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Silos are for farms, not content marketing teams

One of these days, I’m going to find a ramshackle old barn, restore it, and convert it into a house. I just love the idea of living in a converted barn. And if I can manage a silo, maybe as a little retreat, that’d be great, too.

In the office, though, we have a strict No Silo policy.

Our goal is to have our team members–including members of the client team–think across departmental borders and to communicate across those borders, too. That communication allows us to devise solutions that are better than anything we could come up with by each of us sticking to our knitting.

Think about this: chances are, a graphic designer is not going to know much about the latest advances in coding. But if she and a coder talk with the marketer on the project about the goals for a particular web page, they’re more likely to come up with something that makes the most of the available technology.

You should consider this in your own sales and marketing, whether digital or traditional. Sales and marketing should work together. Marketing and customer service should collaborate. R&D teams certainly shouldn’t be isolated from customer-facing teams. There’s virtually no aspect of your business that wouldn’t be stronger with input from other teams whose perspectives will naturally differ.

We’ve long been proponents of the idea that form should follow function and that neither your technology nor your graphic design teams should be leading a web development project. Leadership rightly belongs to the marketing or communications professionals who’s are focused on who needs to be reached and what action is desired.

But even if that hierarchy is followed, your results will improve if you bring your team together, let members question one another, and brainstorm their way to building better mousetraps.

A by-product of this approach is that it’s a hell of a lot more fun working this way. You get to challenge others as they’re challenging you. But since the challenges are not direct–it’s not another designer daring you to be better than she is–it’s productive without being stressful.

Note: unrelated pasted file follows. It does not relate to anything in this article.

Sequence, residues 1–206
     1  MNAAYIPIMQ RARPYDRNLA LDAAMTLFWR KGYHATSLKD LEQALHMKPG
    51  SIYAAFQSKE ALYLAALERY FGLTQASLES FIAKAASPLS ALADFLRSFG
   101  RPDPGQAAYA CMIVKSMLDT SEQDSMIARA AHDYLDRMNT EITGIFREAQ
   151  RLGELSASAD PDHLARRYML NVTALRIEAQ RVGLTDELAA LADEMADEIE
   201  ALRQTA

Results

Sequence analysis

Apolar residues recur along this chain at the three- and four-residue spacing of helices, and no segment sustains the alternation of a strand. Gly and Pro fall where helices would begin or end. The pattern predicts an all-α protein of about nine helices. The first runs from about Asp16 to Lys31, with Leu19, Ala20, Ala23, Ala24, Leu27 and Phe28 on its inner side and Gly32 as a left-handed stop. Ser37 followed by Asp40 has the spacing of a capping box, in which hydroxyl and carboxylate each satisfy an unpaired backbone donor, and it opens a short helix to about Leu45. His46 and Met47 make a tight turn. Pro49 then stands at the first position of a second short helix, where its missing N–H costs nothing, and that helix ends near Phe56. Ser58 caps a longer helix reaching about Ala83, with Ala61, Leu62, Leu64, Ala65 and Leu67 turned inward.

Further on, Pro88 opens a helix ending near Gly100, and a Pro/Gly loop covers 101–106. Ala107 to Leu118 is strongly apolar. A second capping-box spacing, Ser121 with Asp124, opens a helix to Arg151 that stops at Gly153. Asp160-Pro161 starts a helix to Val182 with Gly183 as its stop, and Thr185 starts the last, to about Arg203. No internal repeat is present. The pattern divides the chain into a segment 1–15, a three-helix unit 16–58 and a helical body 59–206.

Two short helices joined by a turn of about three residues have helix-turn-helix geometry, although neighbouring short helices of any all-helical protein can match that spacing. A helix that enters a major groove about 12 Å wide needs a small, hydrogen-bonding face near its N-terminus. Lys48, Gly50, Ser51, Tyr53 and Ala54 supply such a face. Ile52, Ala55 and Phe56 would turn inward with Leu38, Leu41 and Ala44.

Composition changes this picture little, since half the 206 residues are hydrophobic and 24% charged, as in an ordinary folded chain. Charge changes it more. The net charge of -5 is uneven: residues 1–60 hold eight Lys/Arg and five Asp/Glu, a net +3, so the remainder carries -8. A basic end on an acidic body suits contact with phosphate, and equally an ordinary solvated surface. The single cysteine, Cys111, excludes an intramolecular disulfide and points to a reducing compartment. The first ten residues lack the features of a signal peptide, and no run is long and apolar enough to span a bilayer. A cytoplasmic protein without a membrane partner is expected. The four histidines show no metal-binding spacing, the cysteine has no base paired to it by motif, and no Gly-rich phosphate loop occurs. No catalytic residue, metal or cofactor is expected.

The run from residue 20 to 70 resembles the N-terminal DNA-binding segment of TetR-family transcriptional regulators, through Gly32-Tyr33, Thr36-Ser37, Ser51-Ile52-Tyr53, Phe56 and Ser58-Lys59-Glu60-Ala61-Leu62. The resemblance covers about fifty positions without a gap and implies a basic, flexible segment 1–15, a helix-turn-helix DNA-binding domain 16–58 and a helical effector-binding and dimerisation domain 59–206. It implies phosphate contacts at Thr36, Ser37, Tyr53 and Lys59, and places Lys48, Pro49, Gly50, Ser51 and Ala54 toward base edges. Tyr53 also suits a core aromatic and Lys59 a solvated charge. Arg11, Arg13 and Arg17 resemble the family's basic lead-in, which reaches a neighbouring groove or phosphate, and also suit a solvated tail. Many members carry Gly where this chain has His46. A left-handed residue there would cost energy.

We find it makes for teams that are more comfortable with one another, more capable of relying on one another, and more apt to probe in search of a solution that goes beyond the usual. That’s reflected in our work product and it will be reflected in yours if you encourage collaboration across traditional teams in all of your marketing work.

Andrew Schulkind

Since 1996, Andrew Schulkind has asked clients one simple question: what does digital marketing success look like, and how can marketing progress be measured? A veteran content marketer, web developer, and digital strategist, Andrew founded Andigo New Media to help firms find a more strategic and productive mix of tools that genuinely support online brand goals over time. With a passion for true collaboration and meaningful consensus, his work touches social media, search-engine optimization, and email marketing, among other components. He views is primary goal as encouraging engagement. Getting an audience involved in your story requires solid information architecture, a great user experience, and compelling content. A dash of common sense doesn’t hurt, either. Andrew has presented at Social Media Week NY and WordCampNYC, among other events, on content marketing and web-development topics. His technology writing appears on the Andigo blog, in a monthly column on, and for print and online publications like The New York Enterprise Report, Social Media Today, and GSG Worldwide’s publications LinkedIn & Business, Facebook & Business, and Tweeting & Business. Andrew graduated with a B.A. in Philosophy from Bucknell University. He engages in a range of community volunteer work and is an avid fly fisherman and cyclist. He also loves collecting meaningless trivia. (Did you know the Lone Ranger made his mask from the cloth of his brother's vest after his brother was killed by "the bad guys?")

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